Changing the geopolitics of energy

Changing the geopolitics of energy

Two developments have occurred in the Western Hemisphere in the past six months which will have profound geopolitical significance for the entire world for many years, writes Dr Joseph S. Tulchin.

The first, a dramatic increase in oil and gas production in the United States which will make the US a net exporter of energy within a decade. The second, an equally dramatic about face by the Venezuelan government to give foreign oil companies control over joint ventures with the national oil company (PDVSA), and to settle all disputes within established international dispute resolution guidelines.

Together, the two raise the possibility of changing the geopolitics of energy which have held more or less stable since the OPEC price shocks of the 1970s.

US energy exports will open the way for two major shifts in thinking around the world in the next two to three years.

Firstly, America will be dependent no longer upon Saudi oil. That suggests the US could change the way it deals with Saudi financing of certain radical groups in the Middle East, or change the way it builds alliances to counter threats from ISIS or other terrorists groups.

We will begin to see the effects of this change in the way US President Barack Obama deals with the multiple layers of crisis in Syria, Iraq, and Libya.

The US does not have many real friends in the region, but several countries fit the mould of US strategic objectives better than Saudi Arabia.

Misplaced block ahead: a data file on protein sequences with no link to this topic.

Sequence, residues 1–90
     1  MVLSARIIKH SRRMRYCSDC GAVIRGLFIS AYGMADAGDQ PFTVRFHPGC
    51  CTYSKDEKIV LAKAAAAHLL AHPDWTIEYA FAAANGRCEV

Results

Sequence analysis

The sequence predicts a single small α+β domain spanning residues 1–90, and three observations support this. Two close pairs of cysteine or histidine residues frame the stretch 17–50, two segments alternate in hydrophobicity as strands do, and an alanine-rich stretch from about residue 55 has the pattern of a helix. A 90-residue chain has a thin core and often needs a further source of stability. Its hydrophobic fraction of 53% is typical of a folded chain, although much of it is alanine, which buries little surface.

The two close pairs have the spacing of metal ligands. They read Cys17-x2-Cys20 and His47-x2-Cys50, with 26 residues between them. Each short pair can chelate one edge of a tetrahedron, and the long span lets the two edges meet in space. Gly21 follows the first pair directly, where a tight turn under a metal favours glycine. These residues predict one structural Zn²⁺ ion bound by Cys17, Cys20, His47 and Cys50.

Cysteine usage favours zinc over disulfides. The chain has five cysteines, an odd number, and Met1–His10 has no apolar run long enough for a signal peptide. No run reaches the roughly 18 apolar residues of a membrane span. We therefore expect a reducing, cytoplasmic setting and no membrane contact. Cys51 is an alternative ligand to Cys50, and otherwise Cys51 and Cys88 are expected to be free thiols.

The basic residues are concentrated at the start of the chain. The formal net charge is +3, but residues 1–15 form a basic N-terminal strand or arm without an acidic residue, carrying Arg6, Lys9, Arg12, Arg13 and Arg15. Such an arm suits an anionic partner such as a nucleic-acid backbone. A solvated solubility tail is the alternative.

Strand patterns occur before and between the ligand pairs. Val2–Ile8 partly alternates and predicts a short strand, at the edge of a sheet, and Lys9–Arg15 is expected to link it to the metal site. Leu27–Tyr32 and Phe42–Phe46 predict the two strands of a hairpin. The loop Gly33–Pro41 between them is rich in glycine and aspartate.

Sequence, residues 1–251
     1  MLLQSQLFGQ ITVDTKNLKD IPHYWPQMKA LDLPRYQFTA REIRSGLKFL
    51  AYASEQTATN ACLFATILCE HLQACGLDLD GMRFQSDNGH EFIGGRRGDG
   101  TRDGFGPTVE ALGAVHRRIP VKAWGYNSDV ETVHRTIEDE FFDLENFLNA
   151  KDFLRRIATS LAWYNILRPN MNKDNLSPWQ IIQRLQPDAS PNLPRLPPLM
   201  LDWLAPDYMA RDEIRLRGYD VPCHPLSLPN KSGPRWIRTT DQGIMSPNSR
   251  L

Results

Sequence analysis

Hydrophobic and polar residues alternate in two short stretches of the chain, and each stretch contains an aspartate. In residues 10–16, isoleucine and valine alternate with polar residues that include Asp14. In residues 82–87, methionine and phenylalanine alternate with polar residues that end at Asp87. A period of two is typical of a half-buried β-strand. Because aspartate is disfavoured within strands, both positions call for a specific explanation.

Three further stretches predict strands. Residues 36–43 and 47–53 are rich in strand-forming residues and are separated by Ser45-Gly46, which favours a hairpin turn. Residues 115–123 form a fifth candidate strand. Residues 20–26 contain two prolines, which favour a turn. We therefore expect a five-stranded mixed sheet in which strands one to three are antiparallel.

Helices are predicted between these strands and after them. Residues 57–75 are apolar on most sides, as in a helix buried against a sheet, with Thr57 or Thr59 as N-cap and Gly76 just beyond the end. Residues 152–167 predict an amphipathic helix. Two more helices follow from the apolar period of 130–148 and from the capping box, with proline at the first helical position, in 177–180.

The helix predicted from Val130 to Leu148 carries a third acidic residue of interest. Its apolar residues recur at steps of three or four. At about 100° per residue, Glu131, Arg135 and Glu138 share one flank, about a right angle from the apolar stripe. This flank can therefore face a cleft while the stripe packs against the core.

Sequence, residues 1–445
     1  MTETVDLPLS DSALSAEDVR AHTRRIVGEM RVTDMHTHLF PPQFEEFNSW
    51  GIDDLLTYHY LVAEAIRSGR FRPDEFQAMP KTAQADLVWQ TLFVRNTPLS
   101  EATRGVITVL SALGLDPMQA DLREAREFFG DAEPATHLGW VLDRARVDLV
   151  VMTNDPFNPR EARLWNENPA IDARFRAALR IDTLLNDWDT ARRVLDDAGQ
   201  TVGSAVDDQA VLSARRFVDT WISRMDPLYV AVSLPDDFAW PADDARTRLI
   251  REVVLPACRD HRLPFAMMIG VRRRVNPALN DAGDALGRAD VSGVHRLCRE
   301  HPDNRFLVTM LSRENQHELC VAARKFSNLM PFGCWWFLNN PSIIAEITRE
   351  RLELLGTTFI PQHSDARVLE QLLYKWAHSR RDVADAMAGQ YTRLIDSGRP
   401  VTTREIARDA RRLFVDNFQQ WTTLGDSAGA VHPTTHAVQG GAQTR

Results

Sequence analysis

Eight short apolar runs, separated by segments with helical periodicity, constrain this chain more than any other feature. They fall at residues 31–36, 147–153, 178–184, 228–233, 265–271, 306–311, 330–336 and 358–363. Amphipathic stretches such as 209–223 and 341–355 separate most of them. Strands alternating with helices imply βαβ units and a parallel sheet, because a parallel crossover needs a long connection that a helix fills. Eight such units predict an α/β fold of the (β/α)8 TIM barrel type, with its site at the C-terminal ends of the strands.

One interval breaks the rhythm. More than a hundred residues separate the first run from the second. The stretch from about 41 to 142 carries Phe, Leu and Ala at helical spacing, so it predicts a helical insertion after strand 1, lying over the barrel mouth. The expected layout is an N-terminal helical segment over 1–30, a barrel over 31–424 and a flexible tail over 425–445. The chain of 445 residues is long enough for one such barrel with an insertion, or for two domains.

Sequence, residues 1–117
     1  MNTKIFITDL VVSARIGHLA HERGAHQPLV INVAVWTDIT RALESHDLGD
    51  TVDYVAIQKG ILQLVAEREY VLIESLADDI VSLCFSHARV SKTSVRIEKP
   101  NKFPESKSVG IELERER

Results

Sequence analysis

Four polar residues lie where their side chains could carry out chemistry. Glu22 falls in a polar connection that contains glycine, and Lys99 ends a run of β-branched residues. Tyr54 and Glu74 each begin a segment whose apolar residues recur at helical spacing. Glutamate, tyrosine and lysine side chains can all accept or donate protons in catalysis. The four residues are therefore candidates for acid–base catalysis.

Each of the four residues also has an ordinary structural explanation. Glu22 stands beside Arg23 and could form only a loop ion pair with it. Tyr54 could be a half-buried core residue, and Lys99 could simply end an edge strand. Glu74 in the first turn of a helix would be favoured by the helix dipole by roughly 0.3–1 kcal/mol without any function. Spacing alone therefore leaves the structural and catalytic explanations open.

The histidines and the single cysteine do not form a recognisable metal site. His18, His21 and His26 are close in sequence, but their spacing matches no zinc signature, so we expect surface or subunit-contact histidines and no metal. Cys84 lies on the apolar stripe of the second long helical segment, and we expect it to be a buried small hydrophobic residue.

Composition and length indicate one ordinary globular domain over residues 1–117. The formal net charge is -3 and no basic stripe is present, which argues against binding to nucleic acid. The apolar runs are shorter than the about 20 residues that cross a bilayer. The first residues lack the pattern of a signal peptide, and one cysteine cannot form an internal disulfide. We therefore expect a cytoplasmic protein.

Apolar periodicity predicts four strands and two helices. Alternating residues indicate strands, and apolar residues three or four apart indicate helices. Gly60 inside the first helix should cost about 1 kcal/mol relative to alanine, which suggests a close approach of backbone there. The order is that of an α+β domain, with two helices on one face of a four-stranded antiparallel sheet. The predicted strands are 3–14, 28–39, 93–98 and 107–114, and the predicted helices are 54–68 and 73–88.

Perhaps more important, is the capacity to export energy, especially gas, to Europe. This will enable countries which are dependent on Russian gas supplies to think about what their policy towards Russia might be if they no longer depended on Russian energy.

Would German Chancellor Angela Merkel be more assertive in working with President Obama to pressurise Russia if Germany was warmed by American gas?

Venezuela’s shift could be even more significant, although the timing of the strategic impact will depend on how quickly Chevron can invest to increase production. It is more than five years since Chevron and the other international companies froze their investments in Venezuela.

If Venezuela’s production increased in two years that would fit perfectly with US strategic planning, because Venezuela sits on the world’s largest oil reserves and supplies a quarter of America’s oil. The prospect of increasing imports from Venezuela would undermine further any sense of US dependence on the Saudis.

Venezuela’s policy shift also carries a powerful message for Argentina, Brazil, and Mexico. They are all trying to reverse five years of stagnating production, which has forced Argentina to actually import oil.

Stagnation is not so dire in Brazil and Mexico, but if Venezuela increases its production by as much as 25 per cent in the next decade, it might well push its Latin American sister producers into a corner.

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